(Slowly retires)

Scene. Governor's office.

Francos: Good Halstrom, to my mind uncertainty

Is but a mental sore, which cancer like,

Doth spread its roots until the surgeon's knife

With sharp incision shall the curse remove.

So must I cross the Rubicon and strike

The foe in parts most vulnerable.

Caesar, from the deep cavern of his mind,

Hath fashioned, with a statesman's ready hand,

A plan which we must now inaugurate,

Amid the cruel jeers of all who long

Have watched the workings of the dark hued mind

Excepting only such as office seek.

Halstrom:  My Liege, thy look doth seem to answer woo

And my stern schooling bids me to obey,

But it were act from gross presumption born

To, from my lowly post, advice bestow.


Seldonskip:  Well Gov'nor, standing just outside the door

There are two chaps who loudly make the claim

That they are sure expected at this hour

To hobnob with you on some public stunt.

Francos: Hold, Seldonskip! Thy tongue unruly wags

Like to the shuttle on its weaving way

To fashion fabric of but little worth

'Twere well to throttle it or else belike

A pebble small, in gear of great machine

Disaster grave may work to wheels of state.

(Seldonskip retires.)

Turns to

Halstrom:  Good Halstrom, quick I prithee do repair

To outer chamber and with pleasant mien

Escort these high officials with all state

[page 26]

Unto our presence, when I will undo

The mischief, by soft words clothed with a smile.

(Enters Quezox: Speaks):

Most honored Francos, I had closed mine ear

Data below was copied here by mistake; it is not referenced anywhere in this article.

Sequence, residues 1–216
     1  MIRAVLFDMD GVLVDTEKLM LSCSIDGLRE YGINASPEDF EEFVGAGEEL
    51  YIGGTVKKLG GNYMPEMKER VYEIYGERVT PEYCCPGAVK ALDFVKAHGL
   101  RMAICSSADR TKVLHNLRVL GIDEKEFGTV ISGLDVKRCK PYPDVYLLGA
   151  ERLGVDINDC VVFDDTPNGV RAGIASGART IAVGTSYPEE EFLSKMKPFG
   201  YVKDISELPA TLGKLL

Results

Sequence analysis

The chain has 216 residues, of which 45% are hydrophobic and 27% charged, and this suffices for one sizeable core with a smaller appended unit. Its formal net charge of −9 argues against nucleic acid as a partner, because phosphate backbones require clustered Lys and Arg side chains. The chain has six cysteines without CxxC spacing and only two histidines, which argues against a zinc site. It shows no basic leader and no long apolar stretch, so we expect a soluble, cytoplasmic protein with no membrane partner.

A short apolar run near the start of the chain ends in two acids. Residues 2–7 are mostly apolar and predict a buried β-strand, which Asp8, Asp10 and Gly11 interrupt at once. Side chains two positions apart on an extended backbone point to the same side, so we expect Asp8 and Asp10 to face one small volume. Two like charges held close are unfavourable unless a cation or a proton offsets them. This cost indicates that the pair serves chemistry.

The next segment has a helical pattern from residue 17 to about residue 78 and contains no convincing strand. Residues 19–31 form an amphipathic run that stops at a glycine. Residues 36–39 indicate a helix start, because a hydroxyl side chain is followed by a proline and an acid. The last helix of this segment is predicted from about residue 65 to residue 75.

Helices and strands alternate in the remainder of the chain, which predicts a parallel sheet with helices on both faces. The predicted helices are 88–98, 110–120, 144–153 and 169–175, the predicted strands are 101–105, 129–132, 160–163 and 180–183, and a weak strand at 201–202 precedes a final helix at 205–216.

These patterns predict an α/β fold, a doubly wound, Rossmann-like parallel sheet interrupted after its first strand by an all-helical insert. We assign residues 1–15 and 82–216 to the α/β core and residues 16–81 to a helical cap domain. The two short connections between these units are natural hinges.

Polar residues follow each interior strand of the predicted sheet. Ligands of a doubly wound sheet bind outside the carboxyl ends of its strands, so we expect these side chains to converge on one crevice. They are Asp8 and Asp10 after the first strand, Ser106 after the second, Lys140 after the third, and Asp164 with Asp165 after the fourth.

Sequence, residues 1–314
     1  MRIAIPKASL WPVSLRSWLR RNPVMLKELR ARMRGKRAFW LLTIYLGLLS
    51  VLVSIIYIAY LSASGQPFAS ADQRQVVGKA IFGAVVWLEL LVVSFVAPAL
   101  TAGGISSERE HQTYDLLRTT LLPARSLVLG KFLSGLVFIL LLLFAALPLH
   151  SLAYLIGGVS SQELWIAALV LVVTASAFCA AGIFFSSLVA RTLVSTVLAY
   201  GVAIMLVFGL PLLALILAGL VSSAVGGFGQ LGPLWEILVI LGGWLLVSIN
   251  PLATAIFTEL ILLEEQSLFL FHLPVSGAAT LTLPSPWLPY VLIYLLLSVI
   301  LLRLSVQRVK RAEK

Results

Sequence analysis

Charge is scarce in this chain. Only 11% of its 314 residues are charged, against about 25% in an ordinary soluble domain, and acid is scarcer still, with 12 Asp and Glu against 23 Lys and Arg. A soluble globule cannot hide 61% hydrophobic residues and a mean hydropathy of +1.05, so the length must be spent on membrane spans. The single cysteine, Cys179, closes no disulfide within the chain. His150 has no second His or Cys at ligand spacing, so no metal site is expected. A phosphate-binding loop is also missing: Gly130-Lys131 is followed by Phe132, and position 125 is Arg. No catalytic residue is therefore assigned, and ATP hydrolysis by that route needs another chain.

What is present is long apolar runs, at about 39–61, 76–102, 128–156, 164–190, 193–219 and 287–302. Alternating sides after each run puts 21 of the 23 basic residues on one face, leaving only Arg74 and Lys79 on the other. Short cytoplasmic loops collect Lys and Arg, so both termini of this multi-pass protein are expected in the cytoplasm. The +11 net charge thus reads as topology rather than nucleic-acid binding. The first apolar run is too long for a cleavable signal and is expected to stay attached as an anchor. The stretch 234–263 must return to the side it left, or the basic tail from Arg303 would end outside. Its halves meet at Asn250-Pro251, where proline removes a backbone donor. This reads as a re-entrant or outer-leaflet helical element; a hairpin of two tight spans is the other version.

But Seldonskip like to a jackass brayed

And I perforce did catch his words distraught,

Which seemed to fling an insult in thy face.

And cast contempt upon our worthy sons.

If concord sweet shall lend us helping hand

I fear me much this yokel must go hence

For he doth gag us with his silly tongue!

Francos: Patience, good Quezox. Heed no idle word;


It falls upon thine ear, and then 'tis gone;

'Tis but a breath of air which into naught

Doth vanish. Can'st thou, thy finger on it

Put and say 'tis here? Alas, it like a

Heavenly orb doth shoot its comet way

An then twere gone. It was, but now 'tis not!

Hence it were folly, "Nothing," to pursue.

Quezox:      They keen philosophy falls on mine ear

Like music, as it trickles from thy brain;

But still the wound remains which venomed tongue

Hath deeply stung upon my memory.

But thou hast said: an uttered thought is dead.

Perhaps 'tis so, but in the human heart,

There lingers long a mem'ry, blessed indeed,

Of those preceding us to that long home

Where, be it utter darkness which prevails,

Or light supernal with celestial ray,

Yet death hath not erased from mental scroll

The image which th' Eternal painted there.

(Enters Halstrom): The twain are gone, my Liege, but to the page

They for mañana did bespeak return.

Francos: Tis well!

Good gentlemen, my mind doth backward flit

On wings of happy mem'ry to that hour

When we, amid the plaudits of the hosts,

[page 27]

Did well proclaim to all the happy words

Which Caesar to expectant ears did send.

My heart doth overflow, when I recall

The ecstasy that spoke in thunder tones

And like to period rhetorical

Did ever punctuate each proper pause.

Quick did I note in what well ordered ranks

Our party friends did form before the stand.

Quezox:      But, noble Sire, methought I in each eye

Discovered greedy looks which portend ill.

(Enters Seldonskip)

Unless their hungry hopes are satisfied

By wellfilled bellies of official food.

If this discernment doth not truth belie